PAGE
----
Businesses, Banks Continue Wait For More Relief Funding

More than 35,000 Oklahoma small businesses received loans from the federal $2 trillion stimulus plan last week, but thousands more are stuck waiting for a refill for a program that blew through $350 billion in less than three weeks.

Steve Bullock, president of Fail-Safe Solutions LLC in Oklahoma City, applied for a loan through the paycheck protection program the first day his bank began accepting applications.

His wait may be about over.

“I think the first try the site went down, I guess because of the number of people applying,” said Bullock. As the Small Business Administration ran out of money for protection loans, Bullock received word that his bank was on phase two of four of vetting his application and were planning to continue reviewing applications despite the funding shortage.

Bullock’s company, a government subcontractor working in research, development and engineering for defense and commercial business, has been hit with a slow down in business due to travel bans and restrictions as well as lower payments coming from prime contractors.

Fail-Safe, which employs five people, has enough cash on hand to make it through the next month, but Bullock, a retired Army intelligence officer says he is looking for other available avenues.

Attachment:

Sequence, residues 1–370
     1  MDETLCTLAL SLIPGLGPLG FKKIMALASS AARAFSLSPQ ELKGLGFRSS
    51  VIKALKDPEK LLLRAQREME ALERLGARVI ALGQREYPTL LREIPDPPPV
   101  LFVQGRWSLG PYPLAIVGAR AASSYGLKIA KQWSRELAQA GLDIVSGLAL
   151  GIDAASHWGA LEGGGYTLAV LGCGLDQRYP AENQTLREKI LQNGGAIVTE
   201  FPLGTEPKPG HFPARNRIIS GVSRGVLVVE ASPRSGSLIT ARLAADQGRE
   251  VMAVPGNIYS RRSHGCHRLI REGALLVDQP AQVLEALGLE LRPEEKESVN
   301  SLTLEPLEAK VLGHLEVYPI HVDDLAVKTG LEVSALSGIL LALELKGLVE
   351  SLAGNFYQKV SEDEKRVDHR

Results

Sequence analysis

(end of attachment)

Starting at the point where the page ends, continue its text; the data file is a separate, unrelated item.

“All I know is, I’ve got invoices that haven’t been paid. And so, I’ve got to try to put things in place so that, you know, I can pay my vendors, pay my people and keep the company moving forward,” said Bullock.

There are as many as 2,900 Oklahoma applicants and over 150 banks waiting for the program’s coffers to be replenished, according to the Oklahoma Bankers Association.

The Senate approved late Tuesday a $484 billion package containing billions for small business loans, virus testing, disaster recovery loans and funding to prop up the SBA which has been overwhelmed by the loan applications.

The relief package includes $310 billion for paycheck protection loans. Of that about $60 billion is set aside for smaller lenders, such as community banks and credit unions. It now moves to the House for a vote on Thursday.

But there was no indication of how soon business owners like Bullock could obtain the loans they need.

Amid the conversations and conference calls about additional funding, a group of Senators, including Sen. Jim Inhofe (R, OK) and Sen. James Lankford (R, OK), have called for the small business administration to continue accepting and reviewing applications while money is not on the table.

“Opening the E-Trans system would be a sensible step towards alleviating the inevitable rush of applications and additional strain on the process,” wrote the Senators about keeping the loan portal accessible. “Any delays in future approvals will be devastating as thousands of businesses are in dire need of immediate financial assistance. It is imperative that our small businesses have access to these funds at the earliest opportunity.”